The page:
Monday, August 22, 2016

West and Central Lions Distinct Subspecies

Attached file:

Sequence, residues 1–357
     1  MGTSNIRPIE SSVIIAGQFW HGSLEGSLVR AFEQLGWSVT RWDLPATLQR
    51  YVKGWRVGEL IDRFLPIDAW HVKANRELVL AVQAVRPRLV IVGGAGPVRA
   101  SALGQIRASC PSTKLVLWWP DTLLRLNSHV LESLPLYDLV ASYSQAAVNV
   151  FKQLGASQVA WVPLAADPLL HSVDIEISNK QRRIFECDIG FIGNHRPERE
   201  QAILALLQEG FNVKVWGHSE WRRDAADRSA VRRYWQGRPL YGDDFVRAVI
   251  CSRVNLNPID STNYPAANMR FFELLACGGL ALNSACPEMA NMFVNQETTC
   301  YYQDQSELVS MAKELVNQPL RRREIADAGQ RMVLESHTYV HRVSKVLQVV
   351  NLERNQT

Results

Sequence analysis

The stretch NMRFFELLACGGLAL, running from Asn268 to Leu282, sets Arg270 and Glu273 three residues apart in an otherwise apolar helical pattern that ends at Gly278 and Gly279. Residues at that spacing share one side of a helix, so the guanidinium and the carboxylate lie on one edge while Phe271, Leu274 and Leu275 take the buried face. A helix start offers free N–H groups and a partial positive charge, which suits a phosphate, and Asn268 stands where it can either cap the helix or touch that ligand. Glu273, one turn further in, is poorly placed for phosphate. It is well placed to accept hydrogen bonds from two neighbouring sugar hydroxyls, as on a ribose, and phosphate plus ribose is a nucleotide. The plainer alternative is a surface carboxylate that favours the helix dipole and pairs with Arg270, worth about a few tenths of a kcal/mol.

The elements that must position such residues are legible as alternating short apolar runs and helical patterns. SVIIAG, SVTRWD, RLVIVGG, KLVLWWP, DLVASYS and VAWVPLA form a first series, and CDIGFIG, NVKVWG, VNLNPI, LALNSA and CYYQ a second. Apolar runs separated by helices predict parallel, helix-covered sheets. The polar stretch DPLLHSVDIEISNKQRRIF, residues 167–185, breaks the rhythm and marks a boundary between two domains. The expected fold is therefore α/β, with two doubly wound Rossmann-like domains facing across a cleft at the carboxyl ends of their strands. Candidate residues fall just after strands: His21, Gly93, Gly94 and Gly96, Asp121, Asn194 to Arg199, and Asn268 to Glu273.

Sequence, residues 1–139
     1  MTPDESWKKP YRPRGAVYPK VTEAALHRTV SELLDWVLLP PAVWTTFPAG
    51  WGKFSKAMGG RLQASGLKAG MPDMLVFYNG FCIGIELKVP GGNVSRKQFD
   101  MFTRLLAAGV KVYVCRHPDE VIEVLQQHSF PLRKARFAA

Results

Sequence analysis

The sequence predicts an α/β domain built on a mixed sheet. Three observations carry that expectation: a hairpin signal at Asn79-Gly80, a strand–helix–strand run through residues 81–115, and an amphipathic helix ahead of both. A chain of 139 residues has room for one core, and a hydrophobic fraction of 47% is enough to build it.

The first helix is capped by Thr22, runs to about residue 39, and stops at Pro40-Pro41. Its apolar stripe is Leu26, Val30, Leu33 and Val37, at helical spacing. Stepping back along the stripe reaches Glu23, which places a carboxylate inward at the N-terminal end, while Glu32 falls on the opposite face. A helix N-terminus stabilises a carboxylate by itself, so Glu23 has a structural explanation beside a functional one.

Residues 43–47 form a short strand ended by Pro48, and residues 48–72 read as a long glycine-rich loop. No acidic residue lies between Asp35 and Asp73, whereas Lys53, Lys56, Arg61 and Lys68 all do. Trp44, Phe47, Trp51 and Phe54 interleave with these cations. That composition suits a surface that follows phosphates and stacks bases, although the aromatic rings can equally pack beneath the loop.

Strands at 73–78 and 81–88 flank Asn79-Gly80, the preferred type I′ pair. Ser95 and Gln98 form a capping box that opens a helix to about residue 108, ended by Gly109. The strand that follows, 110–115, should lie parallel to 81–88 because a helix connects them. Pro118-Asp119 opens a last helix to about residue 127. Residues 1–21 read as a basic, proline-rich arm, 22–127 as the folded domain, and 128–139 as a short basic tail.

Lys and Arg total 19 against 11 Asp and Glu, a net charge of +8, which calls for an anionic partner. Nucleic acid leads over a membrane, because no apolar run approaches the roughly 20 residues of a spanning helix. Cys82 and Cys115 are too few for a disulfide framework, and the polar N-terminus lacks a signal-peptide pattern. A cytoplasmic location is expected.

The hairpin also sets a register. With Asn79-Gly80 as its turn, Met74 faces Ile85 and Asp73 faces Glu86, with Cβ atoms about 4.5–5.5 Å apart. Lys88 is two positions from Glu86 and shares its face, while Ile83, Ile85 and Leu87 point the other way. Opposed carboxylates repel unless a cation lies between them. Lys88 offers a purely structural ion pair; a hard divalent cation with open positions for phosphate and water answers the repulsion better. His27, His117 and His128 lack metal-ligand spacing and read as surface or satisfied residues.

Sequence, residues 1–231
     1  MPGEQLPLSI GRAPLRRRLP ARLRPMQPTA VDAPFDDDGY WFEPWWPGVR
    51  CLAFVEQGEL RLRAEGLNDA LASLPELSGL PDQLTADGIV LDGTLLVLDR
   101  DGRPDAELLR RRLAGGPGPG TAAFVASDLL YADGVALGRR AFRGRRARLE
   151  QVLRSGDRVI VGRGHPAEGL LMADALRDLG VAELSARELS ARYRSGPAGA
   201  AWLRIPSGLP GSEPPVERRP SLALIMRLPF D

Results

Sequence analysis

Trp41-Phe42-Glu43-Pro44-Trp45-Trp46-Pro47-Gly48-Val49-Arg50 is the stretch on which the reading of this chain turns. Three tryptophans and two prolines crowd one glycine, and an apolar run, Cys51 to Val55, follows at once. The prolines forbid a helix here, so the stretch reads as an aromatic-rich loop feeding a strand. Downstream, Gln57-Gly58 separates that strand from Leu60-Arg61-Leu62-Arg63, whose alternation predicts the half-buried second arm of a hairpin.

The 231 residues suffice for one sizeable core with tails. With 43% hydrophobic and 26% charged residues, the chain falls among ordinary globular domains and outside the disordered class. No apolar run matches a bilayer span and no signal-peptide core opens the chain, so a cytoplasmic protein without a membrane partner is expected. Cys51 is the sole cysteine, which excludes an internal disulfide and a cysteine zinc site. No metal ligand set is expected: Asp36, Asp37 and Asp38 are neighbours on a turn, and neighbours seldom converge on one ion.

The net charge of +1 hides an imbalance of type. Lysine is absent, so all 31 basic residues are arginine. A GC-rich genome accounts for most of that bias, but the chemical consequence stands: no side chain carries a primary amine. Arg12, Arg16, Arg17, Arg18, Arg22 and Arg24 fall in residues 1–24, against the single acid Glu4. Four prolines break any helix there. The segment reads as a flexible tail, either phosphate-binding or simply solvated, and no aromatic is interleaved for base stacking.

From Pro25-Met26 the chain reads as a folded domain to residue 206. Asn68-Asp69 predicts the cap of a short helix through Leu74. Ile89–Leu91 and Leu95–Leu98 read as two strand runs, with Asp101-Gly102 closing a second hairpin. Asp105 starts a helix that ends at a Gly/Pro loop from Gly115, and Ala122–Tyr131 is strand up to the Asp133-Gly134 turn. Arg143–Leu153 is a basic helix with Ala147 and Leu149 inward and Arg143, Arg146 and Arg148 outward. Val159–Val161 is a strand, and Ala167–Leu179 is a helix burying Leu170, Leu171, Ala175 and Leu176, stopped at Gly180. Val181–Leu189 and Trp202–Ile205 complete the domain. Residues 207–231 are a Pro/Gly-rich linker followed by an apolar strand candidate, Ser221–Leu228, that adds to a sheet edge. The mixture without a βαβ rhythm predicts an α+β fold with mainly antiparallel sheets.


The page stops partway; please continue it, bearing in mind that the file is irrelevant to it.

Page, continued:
Scientists at Leiden University, Netherlands have determined that lions in West and Central Africa are genetically distinct from their relatives in Eastern and Southern Africa.  The split between the three major populations [map] is estimated to have occurred 300,000 years ago.  To explain the genetic differences, scientists have reconstructed the climatological history in Africa.  Expanding and contracting periods of suitable savannah habitat drove lions into isolated pockets where the genetic lineages were established and persist to the present day.  The identification of distinct genetic lineage in these lions increases the concern that they may be extiquished due to unsustainable losses from poaching, fewer prey animals, and habitat destruction. A delegation from Leiden will lead a "side show" at the IUCN congress in September to discuss its findings and contribute to the coordination funding of conservation projects.